Linked by Thom Holwerda on Mon 7th Mar 2011 23:21 UTC
Legal Well, how about some positive news to end this day? How about annoying the heck out of the Business Software Alliance? There's a new proposal for a directive on consumer rights in the EU, and in it, digital goods - software, online services, and so on - are explicitly defined as goods that are no different than any other good - like bread, watches, or cars. In other words, you would suddenly own the copies of software you buy, effectively declaring the EULA as a worthless piece of paper. Surprise - the BSA is not happy about this.
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RE: Um, I disagree
by JAlexoid on Tue 8th Mar 2011 03:04 UTC in reply to "Um, I disagree"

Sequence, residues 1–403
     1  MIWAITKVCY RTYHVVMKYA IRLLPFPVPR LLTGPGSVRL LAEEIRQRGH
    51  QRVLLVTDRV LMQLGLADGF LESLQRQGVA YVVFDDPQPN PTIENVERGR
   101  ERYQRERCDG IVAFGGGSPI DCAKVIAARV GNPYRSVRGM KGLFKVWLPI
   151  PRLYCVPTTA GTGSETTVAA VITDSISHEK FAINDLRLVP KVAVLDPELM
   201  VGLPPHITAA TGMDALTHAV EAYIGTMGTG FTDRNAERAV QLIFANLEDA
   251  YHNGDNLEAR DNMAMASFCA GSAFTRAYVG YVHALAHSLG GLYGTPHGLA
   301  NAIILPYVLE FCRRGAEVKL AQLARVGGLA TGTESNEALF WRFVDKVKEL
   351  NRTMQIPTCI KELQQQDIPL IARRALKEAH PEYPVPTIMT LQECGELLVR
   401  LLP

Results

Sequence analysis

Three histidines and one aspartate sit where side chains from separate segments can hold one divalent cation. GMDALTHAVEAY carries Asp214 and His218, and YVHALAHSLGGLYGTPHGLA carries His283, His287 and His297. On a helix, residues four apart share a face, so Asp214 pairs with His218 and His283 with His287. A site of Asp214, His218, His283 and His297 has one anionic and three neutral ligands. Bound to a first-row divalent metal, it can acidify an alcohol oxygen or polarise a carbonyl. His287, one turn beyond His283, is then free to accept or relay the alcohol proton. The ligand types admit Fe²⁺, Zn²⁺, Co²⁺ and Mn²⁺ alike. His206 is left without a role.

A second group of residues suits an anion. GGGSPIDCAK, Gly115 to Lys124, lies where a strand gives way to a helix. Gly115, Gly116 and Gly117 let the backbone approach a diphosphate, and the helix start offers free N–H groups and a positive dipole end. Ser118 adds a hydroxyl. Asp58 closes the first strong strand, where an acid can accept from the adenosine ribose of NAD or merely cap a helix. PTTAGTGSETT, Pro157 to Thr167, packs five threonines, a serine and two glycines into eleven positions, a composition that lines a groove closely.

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Software *is* unlike a physical good.

You do understand that software is currently equated to art. Even the most braindead software developer can't believe that software is art.

Software is goods(for most part), not art.
And being classified as goods, does not imply new regulations for the software developer.

So far, I have enough trust in EU council to say it's intentions are good. And stuff in EU is already priced at a higher level, because consumer rights are wider.

As far as EULAs go, they aren't exactly cancelled, but could not be applied retrospectively or implied by the vendor.

And no one is implying that software vendors will be liable for crashes. What it does is imply, if it says that software will work - then it's a violation of your right as a consumer if it does not. Regardless of EULA.

But then again, this is draft version and will be amended 100 times.

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